* Applicants favor using fixed income as collateral
* Equity volatility, property ban prompt choice
* Trend blamed for spike in five-year corporate bonds
By Nethelie Wong
HONG KONG, May 30 (IFR) - The shrinking Hong Kong dollar bond market is again drawing the attention of wealthy overseas investors, but not necessarily for the most obvious reason.
Shut out of the property market and increasingly disillusioned with equities, foreign applicants looking for a Hong Kong residents’ visa have been turning their attention to local debt.
Bankers in the special administrative region have noticed increased demand for local bonds to support visa applications. Overseas investors, including mainland Chinese, can apply for Hong Kong residency if they commit to maintaining investments of HK$10m (US$1.3m) in the special administrative region, to be held in Hong Kong dollar-denominated securities or in selected local funds.
“We have seen more investors, through our private banks, taking up Hong Kong dollar-denominated bonds and notes to fulfill the requirements of the scheme,” said a banker on the MTN/private placement desk of a European bank.
Hong Kong’s capital investment entrant scheme allows foreigners to take up residency without working in the city, and has proven especially popular among mainland Chinese investors. After seven years in Hong Kong, foreigners can apply for permanent residency and, if eligible, a Hong Kong passport.
The scheme is providing some renewed interest in local-currency bonds, a market that has been shrinking since the opening of the offshore renminbi market in 2010.
Total Hong Kong dollar bond issues over three years had fallen from HK$75bn in 2009 to HK$73bn in 2013, according to the Hong Kong Monetary Authority.
However, sales of Hong Kong dollar corporate bonds at five-year maturities or longer have spiked to HK$11bn in the first quarter of 2014 from HK$2bn in fourth quarter of 2013, according to the Hong Kong Monetary Authority.
“It is nice to see the recent interest in high-yielding long-tenor corporate new issues, which helps to boost the primary market, usually packed with CDs and small private placements,” said a trader with a foreign bank.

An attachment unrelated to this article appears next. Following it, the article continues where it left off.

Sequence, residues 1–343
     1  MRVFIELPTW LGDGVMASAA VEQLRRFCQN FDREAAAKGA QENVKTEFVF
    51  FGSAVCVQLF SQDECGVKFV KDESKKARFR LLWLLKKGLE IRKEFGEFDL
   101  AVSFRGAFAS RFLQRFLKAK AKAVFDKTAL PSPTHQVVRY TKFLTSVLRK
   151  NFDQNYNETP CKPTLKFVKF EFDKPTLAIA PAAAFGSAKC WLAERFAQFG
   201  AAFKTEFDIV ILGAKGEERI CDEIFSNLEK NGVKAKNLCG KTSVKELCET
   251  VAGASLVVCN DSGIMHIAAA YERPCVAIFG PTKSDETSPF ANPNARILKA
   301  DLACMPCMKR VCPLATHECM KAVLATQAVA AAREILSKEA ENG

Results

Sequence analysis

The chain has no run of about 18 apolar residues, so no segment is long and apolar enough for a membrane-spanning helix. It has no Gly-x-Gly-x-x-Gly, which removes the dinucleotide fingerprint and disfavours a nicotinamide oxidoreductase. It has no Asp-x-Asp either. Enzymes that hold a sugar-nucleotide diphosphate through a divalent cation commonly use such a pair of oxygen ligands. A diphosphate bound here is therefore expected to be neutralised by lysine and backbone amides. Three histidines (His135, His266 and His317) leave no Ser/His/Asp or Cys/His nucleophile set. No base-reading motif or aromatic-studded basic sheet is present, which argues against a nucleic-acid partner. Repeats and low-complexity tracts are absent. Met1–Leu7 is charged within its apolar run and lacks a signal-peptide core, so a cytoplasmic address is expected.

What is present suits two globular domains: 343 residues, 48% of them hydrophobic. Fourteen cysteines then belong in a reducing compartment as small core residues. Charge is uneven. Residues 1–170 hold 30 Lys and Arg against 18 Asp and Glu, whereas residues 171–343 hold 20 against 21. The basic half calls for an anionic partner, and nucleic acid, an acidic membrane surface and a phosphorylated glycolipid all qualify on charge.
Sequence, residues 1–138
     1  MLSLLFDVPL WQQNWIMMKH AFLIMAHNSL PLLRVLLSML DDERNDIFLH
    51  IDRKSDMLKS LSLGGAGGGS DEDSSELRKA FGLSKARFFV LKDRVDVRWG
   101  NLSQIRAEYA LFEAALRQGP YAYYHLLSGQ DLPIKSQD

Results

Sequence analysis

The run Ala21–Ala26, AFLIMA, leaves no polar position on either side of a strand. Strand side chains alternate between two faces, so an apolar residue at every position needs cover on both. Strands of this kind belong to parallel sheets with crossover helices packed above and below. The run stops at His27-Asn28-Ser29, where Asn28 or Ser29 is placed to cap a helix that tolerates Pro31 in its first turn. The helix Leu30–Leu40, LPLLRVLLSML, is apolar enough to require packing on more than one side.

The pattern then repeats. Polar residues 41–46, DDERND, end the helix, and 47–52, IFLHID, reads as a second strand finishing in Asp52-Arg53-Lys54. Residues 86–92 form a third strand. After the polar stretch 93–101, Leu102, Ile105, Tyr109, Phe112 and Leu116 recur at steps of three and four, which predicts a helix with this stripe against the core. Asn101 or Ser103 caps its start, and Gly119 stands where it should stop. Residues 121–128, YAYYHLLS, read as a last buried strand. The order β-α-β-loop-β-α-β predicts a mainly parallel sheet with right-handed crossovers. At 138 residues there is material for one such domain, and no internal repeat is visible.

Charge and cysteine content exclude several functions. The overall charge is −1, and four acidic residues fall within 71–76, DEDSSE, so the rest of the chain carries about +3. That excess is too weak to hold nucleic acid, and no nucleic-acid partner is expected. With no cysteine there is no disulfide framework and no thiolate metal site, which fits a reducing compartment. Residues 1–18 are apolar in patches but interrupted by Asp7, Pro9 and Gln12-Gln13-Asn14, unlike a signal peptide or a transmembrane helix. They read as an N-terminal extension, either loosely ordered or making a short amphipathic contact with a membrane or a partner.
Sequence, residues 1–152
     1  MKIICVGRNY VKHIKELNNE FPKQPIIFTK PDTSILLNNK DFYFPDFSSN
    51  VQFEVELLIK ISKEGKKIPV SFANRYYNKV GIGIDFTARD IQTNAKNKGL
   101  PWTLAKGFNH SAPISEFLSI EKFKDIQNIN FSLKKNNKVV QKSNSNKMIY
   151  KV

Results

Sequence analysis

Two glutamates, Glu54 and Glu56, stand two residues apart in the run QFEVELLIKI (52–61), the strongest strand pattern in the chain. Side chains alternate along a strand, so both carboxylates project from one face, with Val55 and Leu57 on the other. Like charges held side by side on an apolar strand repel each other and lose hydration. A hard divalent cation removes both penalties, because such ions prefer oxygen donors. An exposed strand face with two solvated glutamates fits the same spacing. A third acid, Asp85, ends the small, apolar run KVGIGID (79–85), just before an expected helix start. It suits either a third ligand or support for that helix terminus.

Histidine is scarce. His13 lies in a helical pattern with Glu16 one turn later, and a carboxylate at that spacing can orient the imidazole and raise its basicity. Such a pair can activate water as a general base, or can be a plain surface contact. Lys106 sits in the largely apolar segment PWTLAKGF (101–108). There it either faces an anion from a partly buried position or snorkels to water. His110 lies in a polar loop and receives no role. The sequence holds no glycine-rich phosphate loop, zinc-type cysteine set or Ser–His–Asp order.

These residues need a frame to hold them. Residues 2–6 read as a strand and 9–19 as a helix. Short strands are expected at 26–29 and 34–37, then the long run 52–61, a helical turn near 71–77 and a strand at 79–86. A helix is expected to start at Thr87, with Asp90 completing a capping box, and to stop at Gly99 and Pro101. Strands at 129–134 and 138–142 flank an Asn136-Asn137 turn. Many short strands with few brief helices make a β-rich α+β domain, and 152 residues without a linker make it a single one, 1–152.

“Many banks have shrunk their Hong Kong dollar desks and shifted their resources to offshore renminbi because of the low margin of the Hong Kong dollar market and dominance of the three note-issuing banks in that market.”
Hong Kong introduced the capital investment entrant scheme in October 2003 in the wake of the SARS outbreak. The demand was so large that, in October 2010, the government raised the threshold to HK$10m, up 54% from HK$6.5m.
At the same time, real estate was excluded from the list of qualifying investments, part of the government’s measures to cool property prices.
At the end of September 2010, 93% of the HK$19bn of real-estate investments accumulated under the scheme was in residential properties.
Real estate made up 42.3% of the collateral applicants listed in the first nine months of 2010, with equities next at 40.6%.
The government has not released any breakdown since October 2010, but bankers have indicated that a growing number of applicants are choosing bonds over shares.
“As investments have to stay under the scheme for at least seven years, applicants are relatively conservative and more willing to put money in instruments with decent interest income and some principal protection, because of the poor performance in stocks lately,” said Henry Shin, chief distributions officer at Convoy Financial, a financial planning company that advises on the capital investment entrant scheme.
Since November 7 2010, the Hang Seng Index has gained only 4.7% on aggregate, while the Schroders Hong Kong dollar bond fund has gained 10.7% in the past five years.
Sources say higher-yielding corporate issues have become especially popular, suggesting that a rise in longer-tenor bonds may, in part, reflect increased demand from people seeking investment visas.
Fourteen companies and one bank issued Hong Kong dollar bonds with tenors of over five years and coupons above 4% in the first five months of this year, raising HK$4.9bn from 15 deals. That is almost two thirds of last year’s HK$7.6bn annual total, according to HKMA data.
Stocks are also acceptable, but bankers say that the weakness of the Hong Kong stock market in the past few years has made bonds the preferred investment form for those seeking investment visas.
“Applicants tend to stay away from equities lately as the Hong Kong stock market has remained in weakness in the past few years. They opt to invest in debt securities and collective investment schemes,” said Shin. (Reporting By Nethelie Wong; editing by Christopher Langner and Steve Garton)